KERSTI KALJULAID, President of Estonia, noting that her country is running for a seat at the United Nations Security Council, said that: “Small countries have no time for small objectives. Our aim is, among other issues, to bring all things digital to the United Nations and Security Council.” Cyber risks are something Estonians as citizens of a fully digitized State understand better than most and her country can offer a perspective to make sure that human beings remain safe.
In the heart of Europe, ongoing military aggression in eastern Ukraine continues, she said. Parts of Georgia and the Crimean peninsula remain occupied. There is no resolution of the conflicts in Africa. While her country contributes humanitarian aid, practical assistance and peacekeepers, it often feels like it is never enough. Estonia reached an agreement on the Global Compact for Safe, Orderly and Regular Migration, but such an accord needs implementation or else it is hollow. The same applies to the Paris Agreement on Climate Change. “We are still not dealing with root causes,” she said.
In terms of efficiency, she noted the importance of truly effective multilateralism, and due to its inclusiveness, this Organization holds great legitimacy. On Security Council reform, there needs to be more space for common ground, with people and States, both big and small, feeling that the Security Council acts in their best interests. For too often, the Council has fallen victim to internal differences and clumsy procedures. It is critical that the Council not be rendered powerless, especially when mass atrocities are being committed.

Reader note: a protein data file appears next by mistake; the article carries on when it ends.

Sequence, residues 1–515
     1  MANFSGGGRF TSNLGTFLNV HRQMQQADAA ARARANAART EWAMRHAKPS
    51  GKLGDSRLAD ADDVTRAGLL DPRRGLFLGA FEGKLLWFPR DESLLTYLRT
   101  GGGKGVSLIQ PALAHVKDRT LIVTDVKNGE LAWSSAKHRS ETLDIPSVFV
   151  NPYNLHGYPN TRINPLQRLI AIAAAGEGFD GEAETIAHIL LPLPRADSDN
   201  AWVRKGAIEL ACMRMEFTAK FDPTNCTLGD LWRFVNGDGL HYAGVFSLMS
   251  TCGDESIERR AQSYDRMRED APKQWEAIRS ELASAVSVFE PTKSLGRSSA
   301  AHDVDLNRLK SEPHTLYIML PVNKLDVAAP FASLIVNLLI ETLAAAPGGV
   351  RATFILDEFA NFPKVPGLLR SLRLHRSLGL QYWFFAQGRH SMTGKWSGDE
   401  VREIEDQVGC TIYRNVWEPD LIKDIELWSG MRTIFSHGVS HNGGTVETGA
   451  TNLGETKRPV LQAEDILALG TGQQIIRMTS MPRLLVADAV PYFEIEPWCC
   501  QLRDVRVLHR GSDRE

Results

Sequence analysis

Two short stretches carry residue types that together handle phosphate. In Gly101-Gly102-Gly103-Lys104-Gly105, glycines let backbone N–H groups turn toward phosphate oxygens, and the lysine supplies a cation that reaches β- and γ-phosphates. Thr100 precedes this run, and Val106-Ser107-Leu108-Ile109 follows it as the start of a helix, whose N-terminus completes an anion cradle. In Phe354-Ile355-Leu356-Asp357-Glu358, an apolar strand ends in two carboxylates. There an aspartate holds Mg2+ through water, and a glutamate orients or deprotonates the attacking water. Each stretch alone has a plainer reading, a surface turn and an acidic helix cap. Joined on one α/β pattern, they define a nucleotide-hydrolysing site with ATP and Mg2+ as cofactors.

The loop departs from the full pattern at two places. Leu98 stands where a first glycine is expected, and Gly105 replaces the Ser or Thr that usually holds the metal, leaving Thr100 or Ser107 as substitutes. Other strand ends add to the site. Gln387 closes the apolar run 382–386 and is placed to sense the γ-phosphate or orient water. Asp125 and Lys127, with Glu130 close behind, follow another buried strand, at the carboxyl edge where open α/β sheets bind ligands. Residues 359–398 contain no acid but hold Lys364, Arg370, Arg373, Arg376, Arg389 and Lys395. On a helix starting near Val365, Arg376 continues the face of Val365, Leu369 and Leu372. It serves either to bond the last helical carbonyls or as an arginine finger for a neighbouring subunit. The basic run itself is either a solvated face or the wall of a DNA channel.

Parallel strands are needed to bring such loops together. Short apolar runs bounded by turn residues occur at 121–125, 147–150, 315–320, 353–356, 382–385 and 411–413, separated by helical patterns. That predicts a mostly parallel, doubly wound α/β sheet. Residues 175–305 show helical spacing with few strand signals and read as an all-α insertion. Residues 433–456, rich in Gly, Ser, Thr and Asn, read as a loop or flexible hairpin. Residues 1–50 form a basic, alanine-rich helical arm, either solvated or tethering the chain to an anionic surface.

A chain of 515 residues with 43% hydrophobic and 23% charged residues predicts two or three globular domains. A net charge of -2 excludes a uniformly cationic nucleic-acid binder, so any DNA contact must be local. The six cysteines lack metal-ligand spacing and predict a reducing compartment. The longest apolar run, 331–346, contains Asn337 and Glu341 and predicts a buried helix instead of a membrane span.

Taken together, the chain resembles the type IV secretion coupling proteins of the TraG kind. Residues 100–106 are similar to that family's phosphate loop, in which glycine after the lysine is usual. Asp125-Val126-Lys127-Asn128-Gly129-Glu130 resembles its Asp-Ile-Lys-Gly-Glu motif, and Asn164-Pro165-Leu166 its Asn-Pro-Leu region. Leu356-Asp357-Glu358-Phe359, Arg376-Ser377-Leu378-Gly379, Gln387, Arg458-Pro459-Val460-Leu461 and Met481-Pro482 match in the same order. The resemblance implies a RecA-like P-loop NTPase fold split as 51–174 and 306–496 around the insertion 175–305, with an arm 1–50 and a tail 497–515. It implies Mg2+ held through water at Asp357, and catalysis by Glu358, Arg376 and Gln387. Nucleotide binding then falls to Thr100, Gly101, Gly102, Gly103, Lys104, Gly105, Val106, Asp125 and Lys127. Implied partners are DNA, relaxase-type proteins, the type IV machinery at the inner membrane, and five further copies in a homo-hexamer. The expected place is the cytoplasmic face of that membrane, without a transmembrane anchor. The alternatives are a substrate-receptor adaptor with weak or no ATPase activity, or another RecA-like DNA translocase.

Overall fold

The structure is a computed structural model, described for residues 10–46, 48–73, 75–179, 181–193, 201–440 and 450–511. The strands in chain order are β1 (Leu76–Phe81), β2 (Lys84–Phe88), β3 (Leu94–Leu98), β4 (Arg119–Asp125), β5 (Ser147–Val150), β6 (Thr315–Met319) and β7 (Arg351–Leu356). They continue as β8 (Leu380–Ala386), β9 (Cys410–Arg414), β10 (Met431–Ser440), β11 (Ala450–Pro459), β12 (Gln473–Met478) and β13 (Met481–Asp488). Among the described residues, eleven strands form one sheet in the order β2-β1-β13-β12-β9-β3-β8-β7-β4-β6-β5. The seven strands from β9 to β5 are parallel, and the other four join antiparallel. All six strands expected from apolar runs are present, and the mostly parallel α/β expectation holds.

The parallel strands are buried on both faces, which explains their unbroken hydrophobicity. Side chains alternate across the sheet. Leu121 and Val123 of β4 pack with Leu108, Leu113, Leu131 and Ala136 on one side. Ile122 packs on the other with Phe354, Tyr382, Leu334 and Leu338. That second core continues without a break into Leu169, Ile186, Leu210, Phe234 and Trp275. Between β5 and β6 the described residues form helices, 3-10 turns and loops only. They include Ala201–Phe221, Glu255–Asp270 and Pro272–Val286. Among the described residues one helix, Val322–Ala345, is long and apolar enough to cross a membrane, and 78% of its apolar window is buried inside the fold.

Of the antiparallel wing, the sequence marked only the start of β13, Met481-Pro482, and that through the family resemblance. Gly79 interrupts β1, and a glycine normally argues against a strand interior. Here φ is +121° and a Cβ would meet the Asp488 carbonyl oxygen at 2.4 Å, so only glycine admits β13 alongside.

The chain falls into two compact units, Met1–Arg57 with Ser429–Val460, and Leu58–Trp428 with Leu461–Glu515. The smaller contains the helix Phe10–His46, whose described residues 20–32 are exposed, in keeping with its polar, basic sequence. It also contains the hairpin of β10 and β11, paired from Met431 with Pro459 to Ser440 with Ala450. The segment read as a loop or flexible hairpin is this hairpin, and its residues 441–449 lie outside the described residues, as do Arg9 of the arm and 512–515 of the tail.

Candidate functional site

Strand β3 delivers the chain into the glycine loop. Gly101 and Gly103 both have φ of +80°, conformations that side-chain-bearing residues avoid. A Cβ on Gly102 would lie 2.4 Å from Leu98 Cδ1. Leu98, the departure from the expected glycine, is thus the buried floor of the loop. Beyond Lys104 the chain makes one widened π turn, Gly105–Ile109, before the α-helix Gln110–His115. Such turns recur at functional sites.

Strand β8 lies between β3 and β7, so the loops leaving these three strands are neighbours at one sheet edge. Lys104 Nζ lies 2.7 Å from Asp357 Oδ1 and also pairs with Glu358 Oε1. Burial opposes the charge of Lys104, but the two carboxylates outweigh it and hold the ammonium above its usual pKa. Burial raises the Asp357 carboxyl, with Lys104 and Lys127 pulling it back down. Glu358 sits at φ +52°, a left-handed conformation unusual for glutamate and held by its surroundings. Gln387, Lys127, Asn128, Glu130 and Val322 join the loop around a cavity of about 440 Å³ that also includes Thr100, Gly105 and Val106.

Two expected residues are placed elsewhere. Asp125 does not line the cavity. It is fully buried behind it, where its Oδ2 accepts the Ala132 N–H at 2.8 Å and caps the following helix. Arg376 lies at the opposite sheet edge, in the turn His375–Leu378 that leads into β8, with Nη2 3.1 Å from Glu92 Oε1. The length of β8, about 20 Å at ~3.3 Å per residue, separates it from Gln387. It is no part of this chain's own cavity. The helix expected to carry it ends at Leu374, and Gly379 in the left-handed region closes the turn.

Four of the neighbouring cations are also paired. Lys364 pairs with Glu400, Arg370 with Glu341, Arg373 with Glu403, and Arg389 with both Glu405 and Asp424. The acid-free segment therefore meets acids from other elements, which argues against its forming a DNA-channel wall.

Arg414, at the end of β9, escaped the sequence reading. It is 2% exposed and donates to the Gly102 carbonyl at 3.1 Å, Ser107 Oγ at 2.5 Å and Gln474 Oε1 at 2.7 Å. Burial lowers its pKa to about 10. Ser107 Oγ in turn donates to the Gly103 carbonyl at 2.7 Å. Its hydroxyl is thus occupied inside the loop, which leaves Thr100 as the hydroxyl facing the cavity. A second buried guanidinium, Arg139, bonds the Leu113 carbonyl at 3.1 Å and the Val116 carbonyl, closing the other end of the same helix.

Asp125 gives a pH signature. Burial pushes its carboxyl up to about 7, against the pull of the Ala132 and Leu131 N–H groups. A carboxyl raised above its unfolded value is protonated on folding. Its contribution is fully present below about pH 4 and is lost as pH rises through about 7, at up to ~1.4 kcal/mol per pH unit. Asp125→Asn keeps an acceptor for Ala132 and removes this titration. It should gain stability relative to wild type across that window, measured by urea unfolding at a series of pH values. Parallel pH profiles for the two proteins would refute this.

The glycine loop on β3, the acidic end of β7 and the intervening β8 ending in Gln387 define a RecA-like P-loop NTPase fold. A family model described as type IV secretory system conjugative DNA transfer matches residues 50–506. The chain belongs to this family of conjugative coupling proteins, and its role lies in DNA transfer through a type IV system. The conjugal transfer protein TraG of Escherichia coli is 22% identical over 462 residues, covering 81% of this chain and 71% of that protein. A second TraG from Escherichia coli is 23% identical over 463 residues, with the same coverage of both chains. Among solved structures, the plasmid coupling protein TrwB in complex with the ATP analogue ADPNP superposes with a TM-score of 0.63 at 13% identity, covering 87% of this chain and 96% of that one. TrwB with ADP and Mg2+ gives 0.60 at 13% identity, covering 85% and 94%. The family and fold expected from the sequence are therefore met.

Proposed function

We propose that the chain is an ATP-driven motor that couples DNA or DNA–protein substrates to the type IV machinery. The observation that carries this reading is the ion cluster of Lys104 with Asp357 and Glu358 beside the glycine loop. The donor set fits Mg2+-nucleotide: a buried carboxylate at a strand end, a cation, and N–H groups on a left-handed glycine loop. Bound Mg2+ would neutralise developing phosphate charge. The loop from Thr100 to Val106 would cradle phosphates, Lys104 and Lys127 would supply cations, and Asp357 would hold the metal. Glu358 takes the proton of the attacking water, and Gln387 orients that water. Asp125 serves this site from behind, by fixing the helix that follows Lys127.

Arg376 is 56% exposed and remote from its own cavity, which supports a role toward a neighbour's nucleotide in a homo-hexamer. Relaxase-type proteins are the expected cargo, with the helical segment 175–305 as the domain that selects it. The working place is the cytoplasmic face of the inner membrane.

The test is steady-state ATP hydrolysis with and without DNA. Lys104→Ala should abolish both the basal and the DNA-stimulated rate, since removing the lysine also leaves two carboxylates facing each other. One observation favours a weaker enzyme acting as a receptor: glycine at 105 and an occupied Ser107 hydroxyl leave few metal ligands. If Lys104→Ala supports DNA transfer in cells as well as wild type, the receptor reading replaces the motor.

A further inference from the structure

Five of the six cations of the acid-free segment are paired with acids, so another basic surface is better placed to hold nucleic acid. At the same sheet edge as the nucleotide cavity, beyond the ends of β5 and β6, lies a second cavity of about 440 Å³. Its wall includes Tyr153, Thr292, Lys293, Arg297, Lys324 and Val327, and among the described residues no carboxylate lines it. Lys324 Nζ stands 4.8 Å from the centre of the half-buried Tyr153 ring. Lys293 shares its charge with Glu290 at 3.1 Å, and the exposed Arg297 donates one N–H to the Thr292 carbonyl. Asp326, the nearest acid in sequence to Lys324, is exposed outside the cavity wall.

Information and communications technology can revolutionize entrepreneurship, education, employment and healthcare, she noted. Digital online services provide economic growth and bring down barriers between citizens and the State. New technologies should be seen as enablers, creating new opportunities if supported by proper policies. However, no new technology can thrive in a fragmented world. Now more than ever, global free trade as an essential element of fostering long‑term development and growth is needed.
Because, now more than ever, the international community is connected and dependent of each other, it cannot afford to be self-centred or ignorant, she emphasized, adding that “we all need to see the bigger picture”. Such empathy can be translated into efficiency if there is a desire to get things done, and although words are important, they need to be followed by concrete actions. “We have equal responsibility to be more proactive in preventing and solving the challenges of our times,” she said.